Yup, I just paraphrased Sir Mix-A-Lot in my blog title. That's the sort of classy content you've come to expect from my blog. But it's true, I've knit a lot of hats and mitts and an occasional sock in my time, but those projects don't really interest me. I like something more involved like a sweater or a shawl. Those projects, like a good novel, take so much time and thought that they start to become intertwined with my memories. Stephen King's The Stand will be forever mixed into my memory of the summer my best friend went away to camp while I stayed behind, so too, do my biggest projects feel like a milepost.
I've had my sewing machine since April -- less than 5 months -- and even taking time off to travel for work, and complete some deadline knitting, I've made around 30 sewn projects since then. Finishing a project in a day has some real charm, especially when I love wearing what I've sewn, but I've been craving something more involved and I like nothing if not a chance to dive into the deep end of the pool towards an inevitable belly flop.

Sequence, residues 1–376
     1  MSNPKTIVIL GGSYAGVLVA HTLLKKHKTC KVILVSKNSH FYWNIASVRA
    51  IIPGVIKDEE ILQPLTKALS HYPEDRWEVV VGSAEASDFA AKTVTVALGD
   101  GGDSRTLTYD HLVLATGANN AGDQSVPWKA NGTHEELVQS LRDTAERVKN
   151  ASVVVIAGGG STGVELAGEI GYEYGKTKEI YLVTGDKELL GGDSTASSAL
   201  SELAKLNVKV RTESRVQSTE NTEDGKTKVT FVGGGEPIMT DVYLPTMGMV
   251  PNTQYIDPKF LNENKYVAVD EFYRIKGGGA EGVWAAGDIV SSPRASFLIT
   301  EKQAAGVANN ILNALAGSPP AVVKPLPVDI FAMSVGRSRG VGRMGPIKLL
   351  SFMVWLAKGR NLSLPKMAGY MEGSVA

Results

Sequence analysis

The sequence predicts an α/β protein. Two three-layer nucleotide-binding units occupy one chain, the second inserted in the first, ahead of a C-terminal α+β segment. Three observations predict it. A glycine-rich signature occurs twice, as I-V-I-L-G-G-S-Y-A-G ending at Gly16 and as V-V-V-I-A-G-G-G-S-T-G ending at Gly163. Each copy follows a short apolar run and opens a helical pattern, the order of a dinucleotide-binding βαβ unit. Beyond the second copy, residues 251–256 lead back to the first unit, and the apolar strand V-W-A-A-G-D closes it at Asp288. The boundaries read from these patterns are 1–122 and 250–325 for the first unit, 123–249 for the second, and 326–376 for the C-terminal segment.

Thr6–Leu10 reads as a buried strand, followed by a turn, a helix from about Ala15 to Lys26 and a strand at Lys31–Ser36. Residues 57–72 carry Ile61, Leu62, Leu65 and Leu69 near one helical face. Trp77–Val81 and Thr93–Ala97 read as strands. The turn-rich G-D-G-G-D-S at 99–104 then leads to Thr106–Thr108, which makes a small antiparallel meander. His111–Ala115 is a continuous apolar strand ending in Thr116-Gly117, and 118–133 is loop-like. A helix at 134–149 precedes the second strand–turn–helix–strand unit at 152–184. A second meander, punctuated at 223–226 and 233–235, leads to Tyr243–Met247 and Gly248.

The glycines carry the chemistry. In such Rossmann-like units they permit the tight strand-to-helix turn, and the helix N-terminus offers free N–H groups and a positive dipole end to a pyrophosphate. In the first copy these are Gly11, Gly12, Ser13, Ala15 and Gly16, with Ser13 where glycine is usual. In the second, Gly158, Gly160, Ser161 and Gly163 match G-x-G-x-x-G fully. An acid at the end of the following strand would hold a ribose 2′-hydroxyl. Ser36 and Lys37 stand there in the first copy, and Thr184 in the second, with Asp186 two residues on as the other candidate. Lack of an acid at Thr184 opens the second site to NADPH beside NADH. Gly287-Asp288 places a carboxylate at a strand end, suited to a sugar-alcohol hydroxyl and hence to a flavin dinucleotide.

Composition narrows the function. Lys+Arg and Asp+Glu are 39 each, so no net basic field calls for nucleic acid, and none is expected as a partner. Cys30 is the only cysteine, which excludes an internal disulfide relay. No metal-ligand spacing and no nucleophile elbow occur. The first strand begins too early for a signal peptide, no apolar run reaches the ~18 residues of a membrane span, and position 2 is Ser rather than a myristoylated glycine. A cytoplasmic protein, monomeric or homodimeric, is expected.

Enter my first(ish*) ever quilt.
This particular quilt pattern is called a Disappearing Nine Patch and I learned about it from this YouTube video.
Despite being a ridiculously basic quilt pattern, you can see that my seams are all misaligned.
And let's not even get started on my attempt at mitered corners, or how 1/3rd of the blocks are oriented in the wrong direction. It's all such a mess that I ended up opting to finish the quilt with ties instead of machine quilting.
The end result is laughable in a lot of ways but I'm so excited to start my next one with the hopes of someday building up the skills to make something beautiful to use on our bed (where it will be promptly destroyed by the three dogs who have free rein of the household.)
If I had one suggestion for a new quilter, it would be to use fabric you love looking at. Making a quilt isn't inexpensive, and your first attempt is likely to have some mistakes but if you just adore the fabric, you will still have something you love, every step of the way.
Also, try to ignore the peanut gallery
* Back in maybe 1998, I made a small quilt top, but whatever it was that I knew then, which wasn't much, has long been forgotten.